... Depending on the number, category, orientation, and position of objects, the boundaries of objects are elusive; no simple priors can be applied to recover the foreground and background in the scene. Occlusion relationship reasoning of objects from monocular images reveals relative depth differences among the objects in the scene, which is fundamental in computer vision applications, such as mobile robots [17,27,2], object detection [8,4,31,20,5], segmentation [8,37,6,30,13,38,21], monocular depth * corresponding author. estimation/ordering [22,24,23,25,16,36], and 3D reconstruction [29,19,9]. ...
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Retrieving occlusion relation among objects in a single image is challenging due to sparsity of boundaries in image. We observe two key issues in existing works: firstly, lack of an architecture which can exploit the limited amount of coupling in the decoder stage between the two subtasks, namely occlusion boundary extraction and occlusion orientation prediction, and secondly, improper representation of occlusion orientation. In this paper, we propose a novel architecture called Occlusion-shared and Path-separated Network (OPNet), which solves the first issue by exploiting rich occlusion cues in shared high-level features and structured spatial information in task-specific low-level features. We then design a simple but effective orthogonal occlusion representation (OOR) to tackle the second issue. Our method surpasses the state-of-the-art methods by 6.1%/8.3% Boundary-AP and 6.5%/10% Orientation-AP on standard PIOD/BSDS ownership datasets. Code is available at https://github.com/fengpanhe/MT-ORL.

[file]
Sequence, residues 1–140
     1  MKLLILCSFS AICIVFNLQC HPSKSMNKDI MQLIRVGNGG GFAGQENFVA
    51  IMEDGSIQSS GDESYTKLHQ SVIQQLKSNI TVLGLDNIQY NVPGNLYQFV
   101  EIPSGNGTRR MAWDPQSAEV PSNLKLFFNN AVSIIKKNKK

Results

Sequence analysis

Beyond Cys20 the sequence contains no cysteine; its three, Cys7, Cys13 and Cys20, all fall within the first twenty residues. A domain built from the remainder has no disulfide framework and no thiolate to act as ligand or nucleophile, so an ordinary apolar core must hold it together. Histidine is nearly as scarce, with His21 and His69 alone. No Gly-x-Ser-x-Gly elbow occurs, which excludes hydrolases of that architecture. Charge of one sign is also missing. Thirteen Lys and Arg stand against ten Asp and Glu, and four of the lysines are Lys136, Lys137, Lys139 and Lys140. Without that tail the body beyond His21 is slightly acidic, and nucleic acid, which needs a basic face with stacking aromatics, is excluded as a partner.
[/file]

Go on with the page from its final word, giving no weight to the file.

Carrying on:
... They showed that increasing the window size reduces the depth resolution, due to the over-smoothing effects. On the other hand, small windows increase the image's sensitivity to noise [8,9]. Pertuz et al. [7] suggested that the optimum window size is a trade-off between spatial resolution and robustness. ...
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... These images often have unavoidably different low-level image features, and these low-level image features themselves could affect the perception of distance and depth. These features include size [32][33][34], spatial-frequency [35][36][37], contrast [38][39][40], color [41][42][43], and configuration [44,45]. These effects of low-level image features can be confounded with familiarity in measurements of distance and depth. ...
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... Evidence for the use of image blur in depth perception has been reported by Mather [9] and by Marshall et al [4] . Their papers described experiments on ambiguous figure-ground stimuli, containing two regions of texture separated by a wavy boundary. ...
Chapter
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Thesis
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Conference Paper